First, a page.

IMDb > The River (1951)
The River
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The River (1951) More at IMDbPro »

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The River -- Trailer for Jean Renoir's classic film


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Popularity: ?
Down 37% in popularity this week. See why on IMDbPro.
Rumer Godden (novel)
Rumer Godden (screenplay) ...
View company contact information for The River on IMDbPro.
Release Date:
19 December 1951 (France) See more »
Beauty...Mystery...Delightful Humor... See more »
Three adolescent girls growing up in Bengal, India, learn their lessons in life after falling for an older American soldier. Full summary » | Add synopsis »
Plot Keywords:
Nominated for 2 BAFTA Film Awards. Another 3 wins & 1 nomination See more »
User Reviews:
Thoughtful and Beautiful... See more (36 total) »


  (in credits order) (complete, awaiting verification)
Nora Swinburne ... The Mother

Esmond Knight ... The Father

Arthur Shields ... Mr. John
Suprova Mukerjee ... Nan
Thomas E. Breen ... Capt. John

Patricia Walters ... Harriet

Radha ... Melanie

Adrienne Corri ... Valerie
June Hillman ... Narrator (voice)
rest of cast listed alphabetically:
Nimai Barik ... Kanu (uncredited)
Richard R. Foster ... Bogey (uncredited)
Jane Harris ... Muffie (uncredited)
Jennifer Harris ... Mouse (uncredited)

Trilak Jetley ... Anil (uncredited)

Bhogwan Singh ... Sajjan (uncredited)
Penelope Wilkinson ... Elizabeth (uncredited)
Cecilia Wood ... Victoria (uncredited)

Directed by
Jean Renoir 
Writing credits
Rumer Godden (novel)

Rumer Godden (screenplay) and
Jean Renoir (screenplay)

Produced by
Kenneth McEldowney .... producer
Jean Renoir .... producer
Original Music by
M.A. Partha Sarathy 
Cinematography by
Claude Renoir 
Film Editing by
George Gale 
Production Design by
Eugène Lourié  (as Eugene Lourie)
Art Direction by
Bansi Chandragupta 
Production Management
Kalyan Gupta .... production manager
Second Unit Director or Assistant Director
Bansi Ashe .... assistant director
Harisadhan Dasgupta .... assistant director (as Hari S. Das Gupta)
Sukhamoy Sen .... assistant director
Satyajit Ray .... assistant director (uncredited)
Sound Department
A. Charles Knott .... sound engineer (as Charles Knott)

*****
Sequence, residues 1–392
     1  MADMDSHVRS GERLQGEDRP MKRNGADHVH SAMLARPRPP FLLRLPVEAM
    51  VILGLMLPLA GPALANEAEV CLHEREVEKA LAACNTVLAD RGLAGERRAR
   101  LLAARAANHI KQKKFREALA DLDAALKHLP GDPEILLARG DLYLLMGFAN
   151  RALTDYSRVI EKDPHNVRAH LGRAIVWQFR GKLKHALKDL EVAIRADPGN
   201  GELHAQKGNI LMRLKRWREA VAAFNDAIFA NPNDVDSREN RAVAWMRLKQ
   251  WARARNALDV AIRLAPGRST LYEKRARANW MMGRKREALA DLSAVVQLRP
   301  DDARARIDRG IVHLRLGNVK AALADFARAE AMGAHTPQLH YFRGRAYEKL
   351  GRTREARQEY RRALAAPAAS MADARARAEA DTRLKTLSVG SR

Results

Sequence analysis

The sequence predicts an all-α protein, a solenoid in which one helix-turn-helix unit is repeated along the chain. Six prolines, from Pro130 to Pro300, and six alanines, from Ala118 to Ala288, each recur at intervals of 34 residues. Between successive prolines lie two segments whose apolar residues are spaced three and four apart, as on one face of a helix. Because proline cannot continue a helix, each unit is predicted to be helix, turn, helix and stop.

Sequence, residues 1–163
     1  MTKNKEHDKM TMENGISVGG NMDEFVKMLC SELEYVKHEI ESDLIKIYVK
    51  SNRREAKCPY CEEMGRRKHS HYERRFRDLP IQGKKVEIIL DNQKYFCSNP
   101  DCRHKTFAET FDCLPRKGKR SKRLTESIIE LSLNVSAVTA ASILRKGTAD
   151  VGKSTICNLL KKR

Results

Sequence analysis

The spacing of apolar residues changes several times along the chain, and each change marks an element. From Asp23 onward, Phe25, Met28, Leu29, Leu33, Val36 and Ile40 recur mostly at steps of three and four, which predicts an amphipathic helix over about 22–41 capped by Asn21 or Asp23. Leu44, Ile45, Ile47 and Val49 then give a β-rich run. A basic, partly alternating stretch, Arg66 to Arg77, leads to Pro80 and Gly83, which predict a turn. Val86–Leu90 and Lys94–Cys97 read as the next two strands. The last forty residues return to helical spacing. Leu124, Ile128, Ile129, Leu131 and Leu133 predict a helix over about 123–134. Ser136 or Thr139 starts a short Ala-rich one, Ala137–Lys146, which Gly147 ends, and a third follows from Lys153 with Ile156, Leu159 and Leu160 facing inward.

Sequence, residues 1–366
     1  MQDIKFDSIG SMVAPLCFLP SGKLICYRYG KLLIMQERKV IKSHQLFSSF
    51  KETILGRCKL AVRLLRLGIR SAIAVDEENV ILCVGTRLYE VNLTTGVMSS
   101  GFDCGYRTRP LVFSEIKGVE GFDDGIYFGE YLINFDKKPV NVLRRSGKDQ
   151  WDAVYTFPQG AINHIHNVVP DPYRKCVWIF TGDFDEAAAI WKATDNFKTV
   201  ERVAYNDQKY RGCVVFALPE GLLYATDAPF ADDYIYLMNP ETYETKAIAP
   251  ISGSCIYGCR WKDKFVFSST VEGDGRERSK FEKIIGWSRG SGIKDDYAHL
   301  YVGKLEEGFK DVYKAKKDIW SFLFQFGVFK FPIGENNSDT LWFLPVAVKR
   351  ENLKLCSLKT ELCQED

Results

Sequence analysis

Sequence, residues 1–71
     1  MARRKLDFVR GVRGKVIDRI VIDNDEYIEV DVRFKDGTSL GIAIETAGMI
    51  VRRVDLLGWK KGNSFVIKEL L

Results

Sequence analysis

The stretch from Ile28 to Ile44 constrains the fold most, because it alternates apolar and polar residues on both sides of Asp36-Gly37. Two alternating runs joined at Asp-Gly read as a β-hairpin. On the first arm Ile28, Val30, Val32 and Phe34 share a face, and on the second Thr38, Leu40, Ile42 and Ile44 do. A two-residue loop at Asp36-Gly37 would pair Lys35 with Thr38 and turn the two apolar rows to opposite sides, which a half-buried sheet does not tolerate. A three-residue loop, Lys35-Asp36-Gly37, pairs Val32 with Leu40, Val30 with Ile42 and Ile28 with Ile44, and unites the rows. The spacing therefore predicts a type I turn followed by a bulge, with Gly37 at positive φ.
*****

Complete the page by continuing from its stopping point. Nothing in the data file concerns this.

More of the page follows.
Charles Poulton .... sound engineer
Camera and Electrical Department
Ramananda Sen Gupta .... camera operator
Shadhon Ray .... apprentice camera operator (uncredited)
Music Department
Alain Daniélou .... musical advisor (uncredited)
Subrata Mitra .... musician: sitar (uncredited)
Other crew
Forrest Judd .... assistant: Mr. Renoir
M.A. Partha Sarathy .... technical advisor
Subrata Mitra .... production assistant (uncredited)
Satyajit Ray .... assistant: Mr. Renoir (uncredited)
Crew believed to be complete

Production CompaniesDistributorsOther Companies

Additional Details

Also Known As:
99 min
Color (Technicolor)
Aspect Ratio:
1.37 : 1 See more »
Sound Mix:
Mono (Western Electric Recording)
Filming Locations:

Did You Know?

Renoir told Adrienne Corri that she had spoiled a take by moving her eyes twice instead of once. She later said that she "had no idea that such a small thing could mean so much".See more »
Continuity: The position of Captain John's hand changes when he is on the ground (at around 59 mins).See more »
Harriet:Wouldn't you rather marry an American?
Melanie:I don't understand them.
See more »
Movie Connections:
Referenced in The Darjeeling Limited (2007)See more »


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49 out of 53 people found the following review useful.
Thoughtful and Beautiful..., 28 January 2003
Author: jasonb84 from Dublin, Ireland

This is a little known film, but well worth watching if you're lucky enough to find it on Video or TV. The director Jean Renoir is the son of the French Impressionist Painter Pierre Auguste Renoir ( the cinematographer Claude Renoir is Jean's nephew ) and the family talent shines throughout this film, which is beautifully shot. Whether showing the amazing landscape of India and the river itself, the colours and intricacies of the many Indian festivals, or even a close up of Valerie's face as she gazes at Captain John, every frame displays grace, beauty and style that film rarely captures.

The plot itself, how a troubled outsider affects three teenaged girls, is a simple tale, and all the more powerful for it. We've all had a crush, and know the river of emotions that are awakened by one. Each of the three girls, the irrepressible and dramatic Valerie, the talented but awkward Harriet, and the stoic Melanie ( who despite schooling in the West is somehow more Indian in nature than her friends who've been brought up in India ) vie for Captain John's affections in their own way.

However, the real love of this film is India itself - it's fascinating people, beliefs, festivals, and the constant River that runs through them all. It's a slow paced film, not in a hurry to get to any kind of conclusion, and you are immersed in the country, and what it's like to live there. Like relaxing on one of the many river boats, as its floats gently downstream, the film meanders along, showing us different scenes along the way, from the local postman's route to the house gates to the son's fascination with Cobras, with the story always moving on, though always interwoven with more day to day life. This brings a familiar reality to the film, it doesn't just skip moments that might not immediately concern the main characters - like life, other events happen, and they have their place in this film too.

Actually getting to watch this film will be hard, it's not well known ( and not even considered one of Renoir's best ), but if you ever come home one night, flick on the TV, and see this starting, then get comfortable, and enjoy a lovingly made film about a country and the people, both native and foreigners, who live there.

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